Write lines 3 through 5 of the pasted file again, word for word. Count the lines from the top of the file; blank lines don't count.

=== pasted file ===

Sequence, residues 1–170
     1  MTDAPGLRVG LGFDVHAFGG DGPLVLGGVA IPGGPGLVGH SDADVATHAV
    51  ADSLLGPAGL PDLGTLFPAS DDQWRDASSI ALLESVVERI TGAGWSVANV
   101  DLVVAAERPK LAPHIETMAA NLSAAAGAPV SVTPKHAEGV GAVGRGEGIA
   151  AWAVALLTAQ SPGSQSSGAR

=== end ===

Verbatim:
    51  ADSLLGPAGL PDLGTLFPAS DDQWRDASSI ALLESVVERI TGAGWSVANV
   101  DLVVAAERPK LAPHIETMAA NLSAAAGAPV SVTPKHAEGV GAVGRGEGIA
   151  AWAVALLTAQ SPGSQSSGAR